The Eco City is based on the principle of poverty eradication through self reliance, capacity building, public participation and green transformation. It is active in lobbying for green laws and policies and aims to physically pursue an environmentally and socially sustainable alternative development path. Eco City is making local government aware of its environmental responsibilities and serving a networking role in bringing different departments together to work on Eco City projects. In response to worldwide encouragement for city councils to adopt Local Agenda 21, a key output of the Rio Summit, in 1999 Eco City has formed a public-private partnership with the City of Johannesburg and started to mobilise the Johannesburg Council to adopt ecological principles in urban design and renewal especially directed to the disadvantaged and unemployed people of Ivory Park. Here, the Initiative gave people the instruments to form co-operatives to grow and buy food, to recycle, to repair bicycles, to build homes, to use and promote green energy solutions, to become Eco-tourism guides and more than 300 jobs have been created. Eco Villages’ houses are made of alternative environmentally-friendly building materials, energy is conserved, water is recycled, human waste is composted, organic produce is grown in situ and people live in a cohesive village atmosphere. The demonstration urban eco-village harvests rainwater off roofs recycles all grey water and minimises water wastage. Human waste is composted and grey water is recycled for gardening. Organic waste is used for growing. Alternative sanitation is promoted in the urban eco-village such as compost toilets. Appropriate energy sources are used, solar power is the energy of choice, followed by biomass (in low smoke braziers). Ceilings and other insulation and correct alignment of homes contributes to energy efficiency, bicycles are promoted for transport. Organic vegetables are grown by community members and sold to non-growers. Recyclables are collected and taken to the buyback centre where they are either sold to glass, paper and metals companies or made into useful items. Jobs in Eco City are also ecologically sustainable. These co-operatives are also closely linked into provincial and national processes and indeed with international co-operative movement in Italy and Canada.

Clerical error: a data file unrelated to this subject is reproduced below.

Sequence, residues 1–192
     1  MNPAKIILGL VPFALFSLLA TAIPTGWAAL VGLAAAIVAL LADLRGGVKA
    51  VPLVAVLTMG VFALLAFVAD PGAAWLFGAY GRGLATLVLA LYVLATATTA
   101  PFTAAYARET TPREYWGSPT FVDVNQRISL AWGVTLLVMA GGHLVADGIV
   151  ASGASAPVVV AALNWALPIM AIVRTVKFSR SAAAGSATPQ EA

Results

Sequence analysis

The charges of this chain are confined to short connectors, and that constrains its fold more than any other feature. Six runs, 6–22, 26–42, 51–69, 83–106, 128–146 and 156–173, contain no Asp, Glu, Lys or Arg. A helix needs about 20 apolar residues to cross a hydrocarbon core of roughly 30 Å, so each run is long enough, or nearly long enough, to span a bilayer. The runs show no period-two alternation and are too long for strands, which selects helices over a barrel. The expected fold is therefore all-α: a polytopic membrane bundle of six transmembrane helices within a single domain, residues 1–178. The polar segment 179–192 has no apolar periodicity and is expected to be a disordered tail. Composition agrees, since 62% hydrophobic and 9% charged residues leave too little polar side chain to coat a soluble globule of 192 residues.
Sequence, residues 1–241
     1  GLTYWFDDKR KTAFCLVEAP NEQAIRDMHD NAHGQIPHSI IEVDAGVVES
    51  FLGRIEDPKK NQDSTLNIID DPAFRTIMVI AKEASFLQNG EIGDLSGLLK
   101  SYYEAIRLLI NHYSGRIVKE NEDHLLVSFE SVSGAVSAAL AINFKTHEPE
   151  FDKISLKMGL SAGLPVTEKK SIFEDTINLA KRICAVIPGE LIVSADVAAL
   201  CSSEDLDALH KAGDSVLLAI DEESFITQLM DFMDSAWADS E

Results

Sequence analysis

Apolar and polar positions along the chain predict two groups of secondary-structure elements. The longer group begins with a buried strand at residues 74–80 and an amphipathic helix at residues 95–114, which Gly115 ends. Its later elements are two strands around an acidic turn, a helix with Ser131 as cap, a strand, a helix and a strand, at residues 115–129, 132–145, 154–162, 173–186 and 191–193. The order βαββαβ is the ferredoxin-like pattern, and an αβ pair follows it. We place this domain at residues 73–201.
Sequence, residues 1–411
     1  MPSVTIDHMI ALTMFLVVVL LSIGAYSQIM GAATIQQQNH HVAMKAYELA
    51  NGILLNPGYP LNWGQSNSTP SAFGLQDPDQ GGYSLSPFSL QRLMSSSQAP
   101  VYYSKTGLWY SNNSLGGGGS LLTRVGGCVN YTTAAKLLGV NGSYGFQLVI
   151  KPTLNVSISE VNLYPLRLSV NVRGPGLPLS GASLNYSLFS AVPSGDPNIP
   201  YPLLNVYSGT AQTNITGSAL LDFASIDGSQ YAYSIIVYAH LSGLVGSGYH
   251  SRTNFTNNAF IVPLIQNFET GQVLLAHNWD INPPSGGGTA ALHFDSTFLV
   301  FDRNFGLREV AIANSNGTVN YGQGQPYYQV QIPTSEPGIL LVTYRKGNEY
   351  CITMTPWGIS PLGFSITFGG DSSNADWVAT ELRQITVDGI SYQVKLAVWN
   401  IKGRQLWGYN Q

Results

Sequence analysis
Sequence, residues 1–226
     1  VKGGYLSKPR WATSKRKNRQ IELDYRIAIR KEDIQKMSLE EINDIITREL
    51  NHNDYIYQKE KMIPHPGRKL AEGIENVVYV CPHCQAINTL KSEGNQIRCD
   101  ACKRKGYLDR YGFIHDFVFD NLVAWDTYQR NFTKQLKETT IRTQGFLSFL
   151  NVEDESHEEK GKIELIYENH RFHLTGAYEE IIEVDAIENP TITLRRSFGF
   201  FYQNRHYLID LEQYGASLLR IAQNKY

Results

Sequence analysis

Eco City work is also breaking new ground in terms of promoting “eco banking”, which gives poor people access to money in novel ways and by encouraging loans for “geological home improvements” or safer buildings. All participants receive extensive training in their core skills, finance and environmental awareness. Eco City has run numerous workshops, especially empowering the unemployed, women and youth.

Objectives and beneficiaries

The Initiative gave people living in Johannesburg the instruments to form co-operatives to grow and buy food, to recycle, to repair bicycles, to build homes, to use and promote green energy solutions to become Eco-tourism guides and more than 300 jobs have been created.